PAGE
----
Back in Katakolon, I found a little shop that held everything you could possibly think of made of olive wood.  There were beautiful plates, salad bowls, candle holders, picture frames, decorative boxes and jewellery and so much more.  I learned that the darker the grain is, the older the tree is, that the pattern of the grain tells where on the tree the wood was found, that they only use pruned branches to make these items and since the wood is so hard it is perfect for kitchen items such as cutting boards.  To keep the wooden items looking new, just wipe it with olive oil.  That got me thinking and I did some more research.

Here are 10 Things to Do With Olive Oil
1.     Wash your face
2.    Revitalize wood furniture with 2 parts olive oil to 1 lemon juice on a soft cloth.  Keeps wood from  drying out and hides nicks and scratches
3.    Massage a small amount into scalp to fight flakes and dry skin
4.    Soothe sunburn after the first couple of days to prevent peeling
5.    Remove makeup
6.    Unstick a zipper – only 1 drop needed
7.    Prevent hairballs by giving your cat ¼ – ½ teaspoon  Keeps coat shiny too
8.    Shine your hair by massaging in a few drops.  Leave for 1 hour, then shampoo
9.    Moisturize dry feet after bath or shower and put on socks to help absorb
10.  Moisturize and exfoliate skin with a scrub made up of sugar, enough oil to make a paste and 1 drop of essential oil for soothing scent.  Massage into dry skin in shower or bath.

Who knew you benefit so much from the little olive tree?  I can see how the psalmist  thought it was good to be an olive tree in God’s house.  We belong to Him and He takes care of us to make sure we are being productive.  Each of us has a unique purpose.  Sometimes He prunes us but it is for our good and His.  He watches over us because we are precious to Him and He loves us so much.  I want to serve Him all my life and I want my life to be a brightly shining lamp showing the way to His kingdom.  The last part of verse 8 says, ‘I will trust in God’s unfailing love forever and ever.  I will praise you forever, O God, for what you have done.  I will wait for your mercies in the presence of your people.’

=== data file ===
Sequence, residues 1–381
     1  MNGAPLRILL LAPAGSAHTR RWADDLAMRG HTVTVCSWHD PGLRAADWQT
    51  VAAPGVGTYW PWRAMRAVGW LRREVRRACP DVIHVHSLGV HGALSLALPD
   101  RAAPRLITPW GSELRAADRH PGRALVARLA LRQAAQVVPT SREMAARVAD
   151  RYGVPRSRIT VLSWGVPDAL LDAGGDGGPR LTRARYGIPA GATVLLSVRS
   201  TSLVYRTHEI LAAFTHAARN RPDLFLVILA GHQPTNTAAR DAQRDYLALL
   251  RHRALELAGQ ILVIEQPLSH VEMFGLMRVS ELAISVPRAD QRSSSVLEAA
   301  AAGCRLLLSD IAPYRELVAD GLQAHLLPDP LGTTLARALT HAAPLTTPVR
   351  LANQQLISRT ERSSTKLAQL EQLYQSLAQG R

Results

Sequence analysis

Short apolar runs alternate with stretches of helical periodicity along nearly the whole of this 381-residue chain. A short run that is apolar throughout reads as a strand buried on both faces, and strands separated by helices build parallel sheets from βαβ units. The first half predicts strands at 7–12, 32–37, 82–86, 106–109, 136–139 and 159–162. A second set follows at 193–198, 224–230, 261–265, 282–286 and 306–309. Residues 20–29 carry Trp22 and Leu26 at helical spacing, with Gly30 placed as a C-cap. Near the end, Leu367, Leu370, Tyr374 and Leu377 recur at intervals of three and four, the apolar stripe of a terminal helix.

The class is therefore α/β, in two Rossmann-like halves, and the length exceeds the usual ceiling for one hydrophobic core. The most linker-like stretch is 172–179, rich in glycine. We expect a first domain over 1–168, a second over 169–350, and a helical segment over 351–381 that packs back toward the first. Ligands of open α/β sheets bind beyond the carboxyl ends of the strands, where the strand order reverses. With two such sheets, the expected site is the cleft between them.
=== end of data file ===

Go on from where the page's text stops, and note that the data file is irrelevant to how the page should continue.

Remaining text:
Doug bought me an olive wood bracelet to remind me of all that I’ve learned about the olive tree.  Each piece is different from the others just as we are but the bracelet is a circle and each piece is joined to the others.  One piece or even two by themselves would be pretty but would not be a bracelet.  When we are working together with other believers, then He can make us into something beautiful and useful for Him.  We are all part of one body, His world-wide family of Christians through the ages.  I’m so glad to be part of this family with you! 

 Yvonne Johns  Oct 2011

One thought on “to be like an olive tree

  1. The leaves of the olive tree have been used for medicinal purposes since ancient times, and research has suggested that olive leaf extracts have antibacterial, anti-inflammatory and antioxidant properties. Now it also appears that a supplement containing olive leaf extract could help lower blood pressure and cholesterol.`

    Most recently released brief article on our own blog page